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Cooperation is a Major Force for Evolution


Martin Novak, Professor of Biology and Mathematics Harvard University and Director of the Program for Evolutionary Dynamics at Harvard, still believes that cooperation is a major force for evolution. His controversial book, Super Cooperators, was published this time last year and will be published as a series in the UK's Daily Telegraph.

Cooperation is a Major Force for Evolution
New York, NY, March 12, 2012 --(PR.com)-- This time last year, Martin Novak, Director of the Program for Evolutionary Dynamics and Professor of Mathematics and Biology at Harvard University, published a controversial book called, Super Cooperators, (Altruism, Evolution and Why we Need Each Other to Succeed) arguing that cooperation is as much a driving force for evolution as mutation and natural selection. The book was co-written by Daily Telegraph columnist and New Scientist editor, Roger Highfield, and will be serialized in the Daily Telegraph.

The book evolved from the Program for Evolutionary Dynamics which was established in 2003 from a $30 million dollar grant by Jeffrey Epstein and The Jeffrey Epstein Foundation. “I wanted to provide a platform where evolution and biology could be explained from a purely mathematical point of view,” Epstein notes. “The beauty of mathematics is in its accuracy and objectivity. It can lead to unpredictable theories.” Since then, Novak and the Program have gone on to establish the first quantitative analysis of several diseases including the kinetics behind in vivo human cancer cells.

The premise of Super Cooperators is that mathematically, biological cooperation is as important in evolution as mutation and the dog-eats-dog world of Darwin’s survival of the fittest. Novak stresses that, "The two pillars of evolution are mutation and natural selection: mutation generates diversity, and natural selection chooses the winner. What I want to argue in this book is that, in order to get complexity, there is a third principle, co-operation. It's not just a small phenomenon; it’s something that’s really needed to explain the world as we see it."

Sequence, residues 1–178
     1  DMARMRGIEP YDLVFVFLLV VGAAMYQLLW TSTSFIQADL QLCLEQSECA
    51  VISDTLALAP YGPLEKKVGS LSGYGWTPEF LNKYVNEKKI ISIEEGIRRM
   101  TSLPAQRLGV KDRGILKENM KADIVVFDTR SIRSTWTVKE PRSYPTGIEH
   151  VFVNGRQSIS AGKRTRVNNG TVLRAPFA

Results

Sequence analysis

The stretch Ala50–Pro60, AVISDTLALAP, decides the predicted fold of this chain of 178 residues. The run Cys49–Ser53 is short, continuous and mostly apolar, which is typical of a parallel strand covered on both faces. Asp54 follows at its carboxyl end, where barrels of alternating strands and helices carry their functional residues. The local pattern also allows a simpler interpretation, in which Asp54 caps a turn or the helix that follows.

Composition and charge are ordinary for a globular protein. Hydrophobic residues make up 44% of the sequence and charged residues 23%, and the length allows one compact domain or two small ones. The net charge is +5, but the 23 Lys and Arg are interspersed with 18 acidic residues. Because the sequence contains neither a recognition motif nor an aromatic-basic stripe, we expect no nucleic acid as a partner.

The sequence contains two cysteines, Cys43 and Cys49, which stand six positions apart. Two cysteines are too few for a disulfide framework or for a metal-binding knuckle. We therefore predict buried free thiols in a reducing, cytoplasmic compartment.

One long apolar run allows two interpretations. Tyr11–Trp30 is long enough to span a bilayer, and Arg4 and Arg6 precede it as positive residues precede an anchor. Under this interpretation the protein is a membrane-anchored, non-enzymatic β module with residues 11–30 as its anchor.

Novak’s description of evolutionary cooperation is not to be confused with inclusive fitness, a core tenant of evolutionary cooperative theory today. Inclusive fitness suggests that evolution can favor creatures that do not reproduce, so long as they assist in the survival and reproduction of relatives who carry the same genes – for example, the sterile workers in an ant colony, who help the queen to raise their sisters.

According to Novak, inclusive fitness is "somewhat like an epicycle," referring to the Ptolemaic solar system with the Earth at its center. The theory required the planets to move in complicated patterns to explain their varying orbits. "Somehow you have the impression that there is some reality attached to it, but the actual mathematical description of any evolutionary process shows that evolutionary fitness is an unnecessary concept."

Instead, Super Cooperators sets forth five mechanisms of cooperation that are mathematically necessary for evolution: direct reciprocity, indirect reciprocity, spatial games, such as networking, group selection and kin selection. Cooperation also functions at every biological level: “Genes cooperate in cells, cells cooperate in organisms, and individuals cooperate in societies.” Each mechanism, such as direct reciprocity, also reveals a de facto co-existence and co-dependence of entities, which just so happens to lead to evolutionary change. Evolution therefore, is more of a mathematical by-product than a goal.

Even kin selection, which includes nepotism or sacrifices for the survival of a relative, has a pragmatic explanation, such as embedded chemical triggers to promote one’s genes: strip the lamb of its scent and its mother will let it die. Cover an orphaned lamb in the placenta of a ewe’s offspring and she will adopt it as its own.

To understand sacrifice and acts of kindness to nonrelatives and to complete strangers, however, Nowak ostensibly agrees with evolutionary biologist and renowned atheist, Richard Dawkins, that there could be lingering cooperative genes carried over from when survival stemmed more from the capacity to live harmoniously in clans. Indeed, the human body is awash with evolution’s remnants: from eyebrows to useless male nipples.

But despite the dispassionate description of cooperation in strictly mathematical terms, Novak is a devout Catholic. Benevolence is also part of God’s bequest he believes and cannot be limited to a mere linear sequence. It’s not even a question of belief but one of faith. And faith is simply a state of grace.

To debate the origin or purpose of cooperation though, misses the point of the book. Super Cooperators is about the power of mathematical description and how, when left onto its own, untarnished by ideas and theories, it has the capacity to describe the truest patterns of life. It sets the stage for analysis. Novak writes, “At the heart of a successful mathematical model is a law of nature, an expression of truth that is capable of generating awe in the same way as Michaelangelo’s extraordinary sculptures, whose power to amaze comes from the truth they capture about physical beauty.”
Contact Information
The Jeffrey Epstein Foundation
Christina Galbraith
(917) 573-7604
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www.jeffreyepstein.org

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